Food therapy gives us one more tool in our box of magic to treat our patients. Many clients enjoy knowing they are helping their pets to improved health by preparing ingredients at home and seeing the benefits of wholesome, delicious meals.

CASE STUDY

Myra is a six-year-old Cavachon who presented with chronic allergies, oxalate bladder stones, otitis externa, dental disease, lethargy, and a decreased desire to interact with family members. Her skin was red, thickened, malodorous, and alopecic along all four limbs and her ventrum. The external ear canals were swollen almost completely closed, with a waxy, foul-smelling discharge.

From a TCVM perspective, Myra had excess Yang Heat in her skin and bladder. She had Phlegm in the form of bladder stones and waxy discharge in her ears. She had stagnation contributing to the bladder stones as well. The swelling and edema in her skin and ears constituted a form of Dampness.

Myra had been fed a commercial, low quality, corn-based, dog food kibble her entire life. One ingredient in the kibble was animal digest, a rendered product that can be made from any species of animal found at the rendering plant. One of the least likely animal proteins in animal digest, that would be easily accessible as a novel protein, is rabbit. Rabbit is cooling and also acts as a Qi tonic; both actions would be beneficial for Myra.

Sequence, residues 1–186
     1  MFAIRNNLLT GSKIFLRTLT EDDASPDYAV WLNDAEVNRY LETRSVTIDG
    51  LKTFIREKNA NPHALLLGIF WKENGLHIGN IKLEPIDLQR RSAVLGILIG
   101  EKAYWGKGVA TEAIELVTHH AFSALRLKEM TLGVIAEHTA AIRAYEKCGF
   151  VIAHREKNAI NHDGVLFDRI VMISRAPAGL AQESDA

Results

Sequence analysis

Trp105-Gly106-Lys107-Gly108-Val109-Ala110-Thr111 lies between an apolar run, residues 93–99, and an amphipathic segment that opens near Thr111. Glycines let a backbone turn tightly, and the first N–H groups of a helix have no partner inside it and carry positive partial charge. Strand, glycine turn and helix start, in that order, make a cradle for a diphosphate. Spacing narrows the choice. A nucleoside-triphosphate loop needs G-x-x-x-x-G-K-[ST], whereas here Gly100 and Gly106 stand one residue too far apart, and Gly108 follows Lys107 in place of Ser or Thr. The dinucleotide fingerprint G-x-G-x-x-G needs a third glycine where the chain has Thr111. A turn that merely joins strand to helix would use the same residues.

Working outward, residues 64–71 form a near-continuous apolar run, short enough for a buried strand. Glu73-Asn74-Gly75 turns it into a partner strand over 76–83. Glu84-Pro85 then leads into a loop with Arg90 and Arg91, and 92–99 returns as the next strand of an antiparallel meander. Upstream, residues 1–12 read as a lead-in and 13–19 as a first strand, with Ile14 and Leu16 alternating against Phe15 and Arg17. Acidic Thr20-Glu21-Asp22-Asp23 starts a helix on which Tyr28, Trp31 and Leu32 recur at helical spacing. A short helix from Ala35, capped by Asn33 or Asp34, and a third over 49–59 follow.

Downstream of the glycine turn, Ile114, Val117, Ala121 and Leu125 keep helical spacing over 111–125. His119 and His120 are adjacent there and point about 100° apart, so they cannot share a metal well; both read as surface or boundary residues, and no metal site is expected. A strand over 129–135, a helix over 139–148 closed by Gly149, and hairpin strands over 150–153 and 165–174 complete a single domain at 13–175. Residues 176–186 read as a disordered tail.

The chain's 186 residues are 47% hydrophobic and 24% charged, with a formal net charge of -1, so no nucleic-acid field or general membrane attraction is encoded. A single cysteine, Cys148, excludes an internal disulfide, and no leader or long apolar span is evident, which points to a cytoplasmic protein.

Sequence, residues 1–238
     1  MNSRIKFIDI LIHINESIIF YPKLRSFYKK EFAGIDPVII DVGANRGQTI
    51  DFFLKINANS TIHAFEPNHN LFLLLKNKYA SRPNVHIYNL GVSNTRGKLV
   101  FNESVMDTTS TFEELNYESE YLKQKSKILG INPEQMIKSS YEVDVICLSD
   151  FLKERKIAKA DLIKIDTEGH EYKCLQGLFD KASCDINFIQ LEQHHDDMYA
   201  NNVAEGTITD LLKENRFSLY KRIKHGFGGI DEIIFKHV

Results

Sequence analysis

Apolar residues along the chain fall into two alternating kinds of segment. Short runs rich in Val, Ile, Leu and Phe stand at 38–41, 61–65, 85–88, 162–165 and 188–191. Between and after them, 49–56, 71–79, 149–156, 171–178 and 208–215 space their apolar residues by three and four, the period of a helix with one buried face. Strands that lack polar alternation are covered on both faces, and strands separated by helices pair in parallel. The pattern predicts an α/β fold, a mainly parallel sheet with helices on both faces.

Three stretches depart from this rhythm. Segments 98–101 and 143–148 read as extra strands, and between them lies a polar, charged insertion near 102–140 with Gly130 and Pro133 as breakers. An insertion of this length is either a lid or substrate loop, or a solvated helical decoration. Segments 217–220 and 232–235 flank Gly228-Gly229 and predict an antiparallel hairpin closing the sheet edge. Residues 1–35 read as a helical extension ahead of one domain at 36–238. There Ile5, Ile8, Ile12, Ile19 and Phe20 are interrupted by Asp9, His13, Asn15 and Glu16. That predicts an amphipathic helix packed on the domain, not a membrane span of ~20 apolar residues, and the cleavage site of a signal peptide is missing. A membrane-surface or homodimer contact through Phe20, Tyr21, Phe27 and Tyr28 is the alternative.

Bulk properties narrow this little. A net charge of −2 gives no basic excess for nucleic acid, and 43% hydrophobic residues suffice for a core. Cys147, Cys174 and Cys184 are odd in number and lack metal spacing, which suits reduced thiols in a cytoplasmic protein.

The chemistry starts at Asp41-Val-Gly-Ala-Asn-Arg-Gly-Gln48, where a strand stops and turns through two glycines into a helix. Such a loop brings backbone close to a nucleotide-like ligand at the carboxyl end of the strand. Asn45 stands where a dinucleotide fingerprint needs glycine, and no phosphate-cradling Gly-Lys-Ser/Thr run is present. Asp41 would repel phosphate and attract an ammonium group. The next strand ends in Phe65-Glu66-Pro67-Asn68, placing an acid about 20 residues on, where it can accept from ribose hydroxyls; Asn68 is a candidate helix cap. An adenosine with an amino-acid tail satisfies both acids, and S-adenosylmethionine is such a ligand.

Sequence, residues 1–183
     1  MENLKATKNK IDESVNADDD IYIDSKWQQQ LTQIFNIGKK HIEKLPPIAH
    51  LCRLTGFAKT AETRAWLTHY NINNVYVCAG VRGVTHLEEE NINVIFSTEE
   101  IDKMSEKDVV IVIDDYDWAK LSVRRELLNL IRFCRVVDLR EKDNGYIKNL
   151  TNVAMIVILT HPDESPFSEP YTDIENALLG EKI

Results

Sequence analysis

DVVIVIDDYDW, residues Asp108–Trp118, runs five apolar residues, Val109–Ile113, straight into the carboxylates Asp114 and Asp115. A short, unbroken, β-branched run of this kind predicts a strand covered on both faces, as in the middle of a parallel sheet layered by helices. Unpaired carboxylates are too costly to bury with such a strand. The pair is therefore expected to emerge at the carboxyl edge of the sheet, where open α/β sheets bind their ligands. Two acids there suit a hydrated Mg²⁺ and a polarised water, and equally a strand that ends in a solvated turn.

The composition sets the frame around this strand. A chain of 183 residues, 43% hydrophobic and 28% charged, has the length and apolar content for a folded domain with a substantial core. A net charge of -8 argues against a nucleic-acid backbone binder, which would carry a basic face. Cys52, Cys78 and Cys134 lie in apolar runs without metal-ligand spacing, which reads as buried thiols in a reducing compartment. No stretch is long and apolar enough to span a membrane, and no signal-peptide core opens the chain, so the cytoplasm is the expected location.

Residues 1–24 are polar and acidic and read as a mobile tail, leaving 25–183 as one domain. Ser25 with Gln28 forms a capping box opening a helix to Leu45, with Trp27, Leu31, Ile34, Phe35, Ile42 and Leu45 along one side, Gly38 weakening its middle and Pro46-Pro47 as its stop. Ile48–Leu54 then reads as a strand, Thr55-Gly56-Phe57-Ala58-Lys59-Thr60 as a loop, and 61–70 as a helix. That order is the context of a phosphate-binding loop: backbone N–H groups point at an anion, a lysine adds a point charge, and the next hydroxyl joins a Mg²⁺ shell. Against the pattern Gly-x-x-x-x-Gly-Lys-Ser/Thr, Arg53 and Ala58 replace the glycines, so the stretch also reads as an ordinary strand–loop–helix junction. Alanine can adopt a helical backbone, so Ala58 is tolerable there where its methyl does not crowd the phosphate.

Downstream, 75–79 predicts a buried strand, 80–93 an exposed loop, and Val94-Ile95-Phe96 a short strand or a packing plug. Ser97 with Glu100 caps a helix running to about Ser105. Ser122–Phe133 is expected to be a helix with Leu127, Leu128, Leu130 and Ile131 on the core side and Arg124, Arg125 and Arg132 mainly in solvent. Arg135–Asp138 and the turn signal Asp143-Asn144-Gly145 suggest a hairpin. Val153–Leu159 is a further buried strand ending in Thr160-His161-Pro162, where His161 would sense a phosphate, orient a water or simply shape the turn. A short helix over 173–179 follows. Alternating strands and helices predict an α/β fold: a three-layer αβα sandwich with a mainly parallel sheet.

A stew was designed using rabbit, rabbit organs, pumpkin (Qi tonic), turnips (to resolve stagnation), carrots (to resolve stagnation), pears (to resolve Phlegm), radishes (to resolve Phlegm), Shiitake mushrooms (to drain Damp), and barley (to drain Damp). All ingredients were cooked at low heat in a crockpot.

Within a few weeks, Myra’s itch score decreased from 10 to 2. Initially, her ears were too painful to allow cleaning or treatment, but after ten days on the new diet, the swelling in the ear canals was gone and there was no more discharge or odor. The ears were healed by food therapy alone. Thera-clean baths were instituted twice weekly; this is an innovative system that does not use any soap. The bladder stones were removed surgically to increase comfort for the patient.

Myra has been eating a rabbit-based diet, with modifications as needed, for over a year now. She has grown a thick coat, with no further itching. She has had no recurrence of bladder stones or ear infections. Her energy level is great and she loves to play and interact with other dogs and family members

References

Xie, Huisheng. Traditional Chinese Veterinary Medicine – Fundamental Principles, 2nd Edition, 2013.

Xie, Huisheng, et al. Xie’s Veterinary Acupuncture, 2007.

Xie, Huisheng, et al. Practical Guide to TCVM – Emergencies and Five Element Syndromes, 2014.

Dr. Judy Morgan graduated from the University of Illinois College of Veterinary Medicine in 1984. She earned her certification for Veterinary Orthopedic Manipulation in 1995, then earned her certifications for Acupuncture and Food Therapy from the Chi Institute of Traditional Chinese Veterinary Medicine. Dr. Morgan is a nationally renowned author, speaker, and holistic veterinarian certified in acupuncture, food therapy, and chiropractic care for dogs, cats and horses. She has authored three books on holistic pet care and feeding, and is co-host on the Radio Pet Lady network (DrJudyMorgan.com).